Press release
Paris, 25 November 2004


The economic case for nuclear energy is compelling

During a panel debate today in Brussels, Belgium, Luis Echávarri, Director-General of the OECD Nuclear Energy Agency (NEA) said that "the competitiveness of nuclear energy continues to improve. If the decision to include nuclear in the energy mix is made on economic grounds alone, then the case for nuclear energy can be compelling." Mr. Echávarri's comments came during the panel debate "Nuclear: A persuasive economic option", organised as part of the European Nuclear Assembly.

Mr. Echávarri went on to cite how lower investment and fuel cycle costs had improved the projected profitability of new nuclear power plants. At the same time, gas prices were projected to rise and other technologies face the likely internalisation of their external costs in their price, he said. The external costs of energy are costs that are imposed on society and the environment, but which are not included in the cost to producers and consumers. For conventional technologies these typically include waste disposal costs and environmental impact.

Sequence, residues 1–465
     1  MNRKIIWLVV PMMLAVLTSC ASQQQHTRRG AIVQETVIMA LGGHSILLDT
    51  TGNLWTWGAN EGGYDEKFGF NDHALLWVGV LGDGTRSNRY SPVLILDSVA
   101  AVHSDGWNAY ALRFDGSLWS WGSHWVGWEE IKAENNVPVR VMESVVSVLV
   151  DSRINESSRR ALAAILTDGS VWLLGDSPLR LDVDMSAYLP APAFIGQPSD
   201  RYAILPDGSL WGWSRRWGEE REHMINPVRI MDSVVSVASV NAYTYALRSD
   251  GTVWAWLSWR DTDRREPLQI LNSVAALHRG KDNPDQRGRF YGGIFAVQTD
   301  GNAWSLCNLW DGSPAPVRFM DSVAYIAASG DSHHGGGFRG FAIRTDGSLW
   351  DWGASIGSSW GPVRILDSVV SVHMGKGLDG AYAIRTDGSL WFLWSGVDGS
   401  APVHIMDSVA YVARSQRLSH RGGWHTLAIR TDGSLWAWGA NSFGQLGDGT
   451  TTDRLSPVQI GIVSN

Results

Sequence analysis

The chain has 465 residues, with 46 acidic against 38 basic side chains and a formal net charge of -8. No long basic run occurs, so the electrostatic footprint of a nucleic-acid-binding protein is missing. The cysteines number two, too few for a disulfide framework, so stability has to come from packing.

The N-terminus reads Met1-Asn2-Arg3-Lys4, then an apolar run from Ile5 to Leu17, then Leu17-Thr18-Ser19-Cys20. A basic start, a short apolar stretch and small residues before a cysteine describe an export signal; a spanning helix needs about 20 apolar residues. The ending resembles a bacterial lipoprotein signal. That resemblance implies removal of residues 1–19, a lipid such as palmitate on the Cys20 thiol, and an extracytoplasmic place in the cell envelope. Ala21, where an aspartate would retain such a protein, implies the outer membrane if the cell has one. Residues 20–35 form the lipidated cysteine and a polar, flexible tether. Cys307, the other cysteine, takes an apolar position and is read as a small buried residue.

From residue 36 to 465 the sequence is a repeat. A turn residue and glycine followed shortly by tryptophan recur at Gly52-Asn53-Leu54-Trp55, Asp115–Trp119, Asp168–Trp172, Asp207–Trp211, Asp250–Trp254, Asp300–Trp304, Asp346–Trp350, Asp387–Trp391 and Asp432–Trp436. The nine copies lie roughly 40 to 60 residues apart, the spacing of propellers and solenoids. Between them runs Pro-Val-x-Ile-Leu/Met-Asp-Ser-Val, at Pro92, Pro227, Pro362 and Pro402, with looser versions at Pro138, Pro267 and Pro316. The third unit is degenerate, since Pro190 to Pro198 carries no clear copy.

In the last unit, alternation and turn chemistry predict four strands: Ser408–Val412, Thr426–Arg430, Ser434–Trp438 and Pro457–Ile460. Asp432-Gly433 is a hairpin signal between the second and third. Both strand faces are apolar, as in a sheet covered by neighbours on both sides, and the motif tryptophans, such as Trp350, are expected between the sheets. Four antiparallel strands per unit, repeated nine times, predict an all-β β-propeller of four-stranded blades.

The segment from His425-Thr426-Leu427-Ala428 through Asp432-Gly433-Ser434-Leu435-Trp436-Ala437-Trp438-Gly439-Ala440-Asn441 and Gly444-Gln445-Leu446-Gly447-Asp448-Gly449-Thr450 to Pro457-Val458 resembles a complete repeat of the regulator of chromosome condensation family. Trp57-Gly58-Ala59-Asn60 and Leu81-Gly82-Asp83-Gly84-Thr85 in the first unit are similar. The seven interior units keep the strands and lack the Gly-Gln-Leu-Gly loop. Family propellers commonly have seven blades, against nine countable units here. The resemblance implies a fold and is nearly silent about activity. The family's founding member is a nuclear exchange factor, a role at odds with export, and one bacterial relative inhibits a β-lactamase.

The NEA has extensively studied the economics of nuclear energy. These studies have covered its capital, investment, operation, maintenance and total costs as well as its competitiveness in liberalised energy markets. Mr. Echávarri said that the competitiveness of new or existing plants in these markets is often influenced by such country-specific factors as the availability and price of natural resources. The NEA will publish in March 2005 a major new joint study with the International Energy Agency (IEA) on the economics of electricity, including nuclear.

The European Nuclear Assembly is a biannual, high-level meeting of European nuclear industry leaders and officials. The assembly focuses on political, economic and strategic energy issues. Invited speakers represent the full scope of nuclear industry activity in Europe and European institutions (ENA website: ). The European Nuclear Assembly concludes tomorrow.

Further reading

Nuclear Electricity Generation: What Are the External Costs?

Nuclear Power in Competitive Electricity Markets

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